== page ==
As I mentioned, worship is part of my Lenten practice (along with writing and prayer) this year. Fernando Ortega's Come Down, O Love Divine has quickly become the soundtrack for this season. Particularly his song, "The Good Shepherd," is deeply moving. I pray it will minister to you, as you consider how you are mindfully inviting God into heart and life during these days of Lent: The Good Shepherd by Fernando Ortega

Thursday, February 23, 2012

Making Space

In the past few years, I've noticed surprising, seemingly incompatible, feelings stirring in me. One is a resistance to religious legalism or anything that might smell of it while the other is an attraction to the liturgical calendar.

It might appear that the observance of the cycle of liturgical seasons and the practices that traditionally accompany them would set off the "legalistic" alarm bells in my brain. However, I feel something very different - An invitation to experience time in a way that centers around and is mindful of the life of Christ.

I grew up in the Protestant church, which places much less emphasis on the liturgical cycle than Catholic and Orthodox churches. Christmas and Easter were experienced as two stand-alone celebrations, not an arc unfolding the Story. To experience time framed from Advent to Easter creates a mindfulness of the time of preparation for both the celebration of Jesus' birth (and his expected second coming at the end of time) and the remembrance his death and the celebration of his resurrection and ascension.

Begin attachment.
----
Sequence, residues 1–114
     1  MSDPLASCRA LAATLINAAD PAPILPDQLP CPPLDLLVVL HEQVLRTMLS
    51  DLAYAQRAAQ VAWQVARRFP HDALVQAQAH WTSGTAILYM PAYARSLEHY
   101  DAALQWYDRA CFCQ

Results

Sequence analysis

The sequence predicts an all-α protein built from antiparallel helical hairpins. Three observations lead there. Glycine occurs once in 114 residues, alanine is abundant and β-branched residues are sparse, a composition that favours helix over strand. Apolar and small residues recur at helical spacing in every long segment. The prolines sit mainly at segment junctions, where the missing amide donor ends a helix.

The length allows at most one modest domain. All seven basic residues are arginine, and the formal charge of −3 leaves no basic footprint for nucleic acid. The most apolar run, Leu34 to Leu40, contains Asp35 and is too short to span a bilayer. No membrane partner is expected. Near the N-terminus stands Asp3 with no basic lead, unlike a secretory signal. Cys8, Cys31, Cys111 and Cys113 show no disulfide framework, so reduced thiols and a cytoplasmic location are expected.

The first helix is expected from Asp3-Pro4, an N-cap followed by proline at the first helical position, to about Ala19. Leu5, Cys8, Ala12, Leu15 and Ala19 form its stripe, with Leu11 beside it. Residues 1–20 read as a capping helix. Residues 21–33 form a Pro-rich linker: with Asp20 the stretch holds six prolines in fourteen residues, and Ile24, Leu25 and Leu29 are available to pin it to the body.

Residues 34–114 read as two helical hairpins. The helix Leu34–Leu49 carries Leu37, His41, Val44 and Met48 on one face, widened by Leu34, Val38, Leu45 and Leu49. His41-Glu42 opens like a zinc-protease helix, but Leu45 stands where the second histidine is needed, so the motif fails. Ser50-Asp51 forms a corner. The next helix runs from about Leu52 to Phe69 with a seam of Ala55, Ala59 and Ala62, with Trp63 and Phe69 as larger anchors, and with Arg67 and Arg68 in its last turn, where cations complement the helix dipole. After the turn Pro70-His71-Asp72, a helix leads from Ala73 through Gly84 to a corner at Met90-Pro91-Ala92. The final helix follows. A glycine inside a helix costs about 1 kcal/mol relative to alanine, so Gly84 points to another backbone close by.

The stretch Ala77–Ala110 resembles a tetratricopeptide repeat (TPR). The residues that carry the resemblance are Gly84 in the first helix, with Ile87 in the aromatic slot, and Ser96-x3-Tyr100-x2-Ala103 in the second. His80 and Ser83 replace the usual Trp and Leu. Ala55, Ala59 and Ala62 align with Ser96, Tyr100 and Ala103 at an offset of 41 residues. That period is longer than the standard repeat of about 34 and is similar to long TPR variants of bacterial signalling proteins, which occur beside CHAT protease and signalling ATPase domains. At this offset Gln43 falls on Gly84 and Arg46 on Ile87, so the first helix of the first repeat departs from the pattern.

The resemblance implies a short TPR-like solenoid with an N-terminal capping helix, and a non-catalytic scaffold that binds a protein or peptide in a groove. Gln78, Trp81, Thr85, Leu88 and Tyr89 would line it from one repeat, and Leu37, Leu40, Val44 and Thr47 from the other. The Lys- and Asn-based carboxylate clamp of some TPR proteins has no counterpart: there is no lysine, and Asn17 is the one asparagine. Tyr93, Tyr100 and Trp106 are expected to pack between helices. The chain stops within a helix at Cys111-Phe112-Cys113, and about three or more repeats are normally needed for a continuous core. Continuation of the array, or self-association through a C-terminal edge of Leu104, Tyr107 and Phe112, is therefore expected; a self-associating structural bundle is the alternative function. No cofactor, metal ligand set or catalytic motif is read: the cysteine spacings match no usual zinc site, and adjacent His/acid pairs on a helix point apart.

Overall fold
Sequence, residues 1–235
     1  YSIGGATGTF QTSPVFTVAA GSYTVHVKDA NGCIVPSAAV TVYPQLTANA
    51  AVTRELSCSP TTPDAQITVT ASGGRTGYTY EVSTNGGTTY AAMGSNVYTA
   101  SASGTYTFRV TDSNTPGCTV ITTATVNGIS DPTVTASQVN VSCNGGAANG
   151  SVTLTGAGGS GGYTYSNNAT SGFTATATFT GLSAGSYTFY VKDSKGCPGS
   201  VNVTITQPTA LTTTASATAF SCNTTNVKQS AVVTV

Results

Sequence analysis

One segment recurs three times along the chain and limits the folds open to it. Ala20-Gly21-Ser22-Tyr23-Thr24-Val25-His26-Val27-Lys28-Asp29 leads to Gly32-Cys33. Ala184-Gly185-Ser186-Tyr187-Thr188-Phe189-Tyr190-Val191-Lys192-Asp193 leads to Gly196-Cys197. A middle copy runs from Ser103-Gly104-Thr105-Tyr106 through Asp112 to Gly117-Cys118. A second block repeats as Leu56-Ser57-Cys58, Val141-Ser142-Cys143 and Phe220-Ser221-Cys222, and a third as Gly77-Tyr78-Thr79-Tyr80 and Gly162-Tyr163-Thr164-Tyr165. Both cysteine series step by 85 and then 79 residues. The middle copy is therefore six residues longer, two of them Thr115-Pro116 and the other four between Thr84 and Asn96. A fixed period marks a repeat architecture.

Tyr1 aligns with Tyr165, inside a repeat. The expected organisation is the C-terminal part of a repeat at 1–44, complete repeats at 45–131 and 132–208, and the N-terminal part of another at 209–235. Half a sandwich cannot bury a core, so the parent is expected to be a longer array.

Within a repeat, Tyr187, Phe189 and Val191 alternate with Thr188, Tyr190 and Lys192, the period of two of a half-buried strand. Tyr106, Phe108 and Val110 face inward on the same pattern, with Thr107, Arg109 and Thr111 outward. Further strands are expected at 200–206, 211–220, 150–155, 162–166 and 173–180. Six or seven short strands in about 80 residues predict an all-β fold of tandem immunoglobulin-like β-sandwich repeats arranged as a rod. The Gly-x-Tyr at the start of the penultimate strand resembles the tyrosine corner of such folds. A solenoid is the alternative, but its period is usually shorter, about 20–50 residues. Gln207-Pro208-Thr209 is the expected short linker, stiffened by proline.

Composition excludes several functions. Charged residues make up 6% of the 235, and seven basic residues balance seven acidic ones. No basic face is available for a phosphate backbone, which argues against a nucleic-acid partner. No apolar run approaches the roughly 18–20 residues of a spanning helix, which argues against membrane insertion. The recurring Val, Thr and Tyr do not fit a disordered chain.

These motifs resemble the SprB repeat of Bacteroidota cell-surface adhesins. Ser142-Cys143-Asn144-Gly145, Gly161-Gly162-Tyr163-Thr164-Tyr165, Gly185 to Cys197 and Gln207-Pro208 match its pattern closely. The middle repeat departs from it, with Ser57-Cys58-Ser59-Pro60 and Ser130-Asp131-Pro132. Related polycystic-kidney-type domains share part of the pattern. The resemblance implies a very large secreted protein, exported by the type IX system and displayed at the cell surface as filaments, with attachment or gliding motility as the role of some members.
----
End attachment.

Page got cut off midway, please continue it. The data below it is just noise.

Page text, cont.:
We are currently in the season of Lent. This is the period of purification and penance which begins on Ash Wednesday and ends on Holy Thursday (or Maundy Thursday, as I grew up hearing it called). As someone new in her understanding of Lent, I value the insights of others who have long been observing this celebration.

My friend, Tara, writes on her website (
The penintenial time of Lent is meant to be a response to God's longing call in Joel 2, "Return to me with your whole heart!" In those words, I hear the ache of a father whose son has rejected him (Luke 15:11-32), the cry of a lover who longs for the beloved (Song of Songs 2), the agony of Christ on the Cross (Mark 15:25-37). In those words, I hear the invitation of God to look at my own heart, and consider the things that keep me from deeper intimacy with a God who loves me beyond anything I could ask or imagine...Contrary to popular culture, Lent isn't about giving something up just to prove that you have control of your addictions, or that you're better than the chocoholic next door. Instead, it's about making space to receive more of God's love, His tenderness and your true identity in Him.